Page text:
In view of previous research which has demonstrated the effectiveness of economic incentives in increasing belt use, HSRC designed a campaign centered around the idea of giving out incentives for belt wearing. This was done in conjunction with an extensive public education effort. The six-month incentive effort covered the communities of Chapel Hill and Carrboro, North Carolina, and was entitled "Seat Belts Pay Off." The title reflected both the educational and economic themes. The approach was to stop vehicles at random and to give all belted vehicle occupants a small prize (and a chance for a large cash prize). The rationale was that cash or prize incentives, in combination with extensive public education, would more effectively induce belt wearing than the latter alone. This is because the prizes would service as a reinforcement or reward for belt wearers, and serve as an incentive to buckle up for those who might know of the contest but had not been stopped. This approach was designed to make people think about buckling up often enough to encourage a regular belt use habit to develop. The authors believe it is feasible to administer incentive programs to increase seat belt use, and that these programs can vary greatly in scope, target audience and procedure, and still be successful. However, some limitations should be considered. In order for a community wide program to be successful, enough incentives must be available, in some reasonable combination of number and magnitude, such as to create the perception of a reasonable chance of winning. Project "visibility" must be high enough to keep people thinking about the effort. Project publicity must be extensive. This points to the use of a variety of media, as well as interpersonal "networking" to "get the word out" to all segments of the community. In order for belt use to become habitual, continuous reminders and reinforcement need to be present. Thus, those planning a project of this nature need to assess the target population in question (including size, sub-groups, etc). Once the community makeup has been determined, one can assess the chances of obtaining the necessary publicity and incentives in light of the size and heterogeneity of that target population. To that end, perhaps the best recommendation would be to seek the heavy involvement of a media group. As in the case of this project, this can help immeasurably in obtaining incentives and giving the project intensive publicity. The present scheme seemed to work rather well in a community of 50,000, but a different scale of operation might be necessary in a larger urban area. (Author)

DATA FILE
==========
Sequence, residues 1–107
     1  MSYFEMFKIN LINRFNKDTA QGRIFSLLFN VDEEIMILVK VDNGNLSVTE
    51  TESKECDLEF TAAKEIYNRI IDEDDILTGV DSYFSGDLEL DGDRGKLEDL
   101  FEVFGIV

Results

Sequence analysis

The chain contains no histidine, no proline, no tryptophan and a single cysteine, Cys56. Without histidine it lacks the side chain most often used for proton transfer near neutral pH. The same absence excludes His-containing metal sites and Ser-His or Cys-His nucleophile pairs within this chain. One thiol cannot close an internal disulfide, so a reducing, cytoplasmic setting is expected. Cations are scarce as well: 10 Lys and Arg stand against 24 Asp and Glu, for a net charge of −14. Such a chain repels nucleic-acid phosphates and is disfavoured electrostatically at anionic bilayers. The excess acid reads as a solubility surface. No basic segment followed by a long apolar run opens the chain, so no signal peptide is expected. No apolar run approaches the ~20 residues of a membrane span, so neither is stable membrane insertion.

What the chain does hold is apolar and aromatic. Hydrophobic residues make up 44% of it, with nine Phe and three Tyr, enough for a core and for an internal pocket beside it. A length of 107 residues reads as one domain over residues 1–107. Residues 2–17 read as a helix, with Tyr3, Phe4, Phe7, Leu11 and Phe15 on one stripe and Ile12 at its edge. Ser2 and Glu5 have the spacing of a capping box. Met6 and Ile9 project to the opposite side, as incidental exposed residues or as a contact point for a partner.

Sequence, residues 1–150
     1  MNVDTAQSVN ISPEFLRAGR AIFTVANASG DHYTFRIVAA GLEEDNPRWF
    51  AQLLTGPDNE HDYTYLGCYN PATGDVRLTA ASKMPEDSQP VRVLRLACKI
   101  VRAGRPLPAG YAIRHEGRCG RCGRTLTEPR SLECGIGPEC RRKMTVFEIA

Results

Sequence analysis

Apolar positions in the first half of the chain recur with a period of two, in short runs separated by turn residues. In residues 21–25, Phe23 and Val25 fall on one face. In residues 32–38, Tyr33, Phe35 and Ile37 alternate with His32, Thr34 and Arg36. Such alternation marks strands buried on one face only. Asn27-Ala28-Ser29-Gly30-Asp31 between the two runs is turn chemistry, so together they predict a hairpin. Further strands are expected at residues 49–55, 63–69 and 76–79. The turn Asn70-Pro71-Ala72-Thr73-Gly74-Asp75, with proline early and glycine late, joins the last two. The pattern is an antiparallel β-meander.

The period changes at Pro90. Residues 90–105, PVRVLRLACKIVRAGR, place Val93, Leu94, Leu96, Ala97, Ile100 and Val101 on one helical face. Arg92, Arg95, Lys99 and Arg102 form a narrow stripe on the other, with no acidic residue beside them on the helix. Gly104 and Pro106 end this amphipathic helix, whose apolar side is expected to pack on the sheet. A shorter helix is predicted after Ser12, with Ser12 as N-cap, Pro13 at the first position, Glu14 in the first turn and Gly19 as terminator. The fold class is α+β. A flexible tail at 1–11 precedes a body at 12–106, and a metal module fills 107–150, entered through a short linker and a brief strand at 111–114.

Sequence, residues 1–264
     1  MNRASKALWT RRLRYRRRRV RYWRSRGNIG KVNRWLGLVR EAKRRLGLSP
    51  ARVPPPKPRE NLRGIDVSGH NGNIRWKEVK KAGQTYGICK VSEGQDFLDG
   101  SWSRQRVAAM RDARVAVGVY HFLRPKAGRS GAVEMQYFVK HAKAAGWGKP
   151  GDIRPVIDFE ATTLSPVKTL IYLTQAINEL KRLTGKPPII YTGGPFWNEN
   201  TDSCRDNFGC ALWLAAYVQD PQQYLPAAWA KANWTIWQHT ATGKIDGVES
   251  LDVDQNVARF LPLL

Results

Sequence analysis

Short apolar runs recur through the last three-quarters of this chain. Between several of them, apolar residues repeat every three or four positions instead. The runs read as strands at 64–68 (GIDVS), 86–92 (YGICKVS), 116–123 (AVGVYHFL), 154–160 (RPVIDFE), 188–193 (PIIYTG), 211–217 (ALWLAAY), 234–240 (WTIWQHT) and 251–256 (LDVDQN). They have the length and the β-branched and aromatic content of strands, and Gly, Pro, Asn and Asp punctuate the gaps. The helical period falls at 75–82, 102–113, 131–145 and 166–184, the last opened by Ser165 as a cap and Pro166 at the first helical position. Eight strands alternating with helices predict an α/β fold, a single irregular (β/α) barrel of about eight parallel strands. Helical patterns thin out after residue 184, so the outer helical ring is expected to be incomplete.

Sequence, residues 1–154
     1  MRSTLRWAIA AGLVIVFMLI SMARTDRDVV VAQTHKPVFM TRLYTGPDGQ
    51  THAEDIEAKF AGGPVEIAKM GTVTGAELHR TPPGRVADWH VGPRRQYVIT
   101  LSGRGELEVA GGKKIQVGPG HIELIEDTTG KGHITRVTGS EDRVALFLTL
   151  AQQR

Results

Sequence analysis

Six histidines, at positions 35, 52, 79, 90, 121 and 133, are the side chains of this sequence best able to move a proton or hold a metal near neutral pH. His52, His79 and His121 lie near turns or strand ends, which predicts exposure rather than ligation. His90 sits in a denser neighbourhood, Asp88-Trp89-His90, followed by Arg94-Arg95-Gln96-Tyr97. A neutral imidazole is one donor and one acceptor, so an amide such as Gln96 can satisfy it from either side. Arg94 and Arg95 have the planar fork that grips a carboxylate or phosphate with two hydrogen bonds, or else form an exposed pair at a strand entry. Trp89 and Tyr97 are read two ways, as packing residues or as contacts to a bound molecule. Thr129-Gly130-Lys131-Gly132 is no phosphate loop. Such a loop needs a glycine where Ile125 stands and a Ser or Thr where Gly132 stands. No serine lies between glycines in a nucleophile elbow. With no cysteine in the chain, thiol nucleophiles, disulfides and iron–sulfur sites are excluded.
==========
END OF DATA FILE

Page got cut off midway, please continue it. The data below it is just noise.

• Corporate Authors:

    University of North Carolina, Chapel Hill

    Highway Safety Research Center
    Chapel Hill, NC  United States  27599

    National Highway Traffic Safety Administration

    Office of Occupant Protection, 1200 New Jersey Avenue, SE
    Washington, DC  United States  20590

    Office of the Secretary of Transportation

    Technology Sharing Program, 1200 New Jersey Avenue, SE
    Washington, DC  United States  20590
  • Authors:
    • Campbell, B J
    • Hunter, W W
    • Gemming, M G
    • Steward, J R
  • Publication Date: 1984-3

Media Info

  • Features: Appendices; Figures; Photos; References; Tables;
  • Pagination: v.p.

Subject/Index Terms

Filing Info

  • Accession Number: 00453662
  • Record Type: Publication
  • Report/Paper Numbers: DOT-I-85-39, HS-042 413
  • Files: HSL, TRIS, USDOT
  • Created Date: Jul 31 1986 12:00AM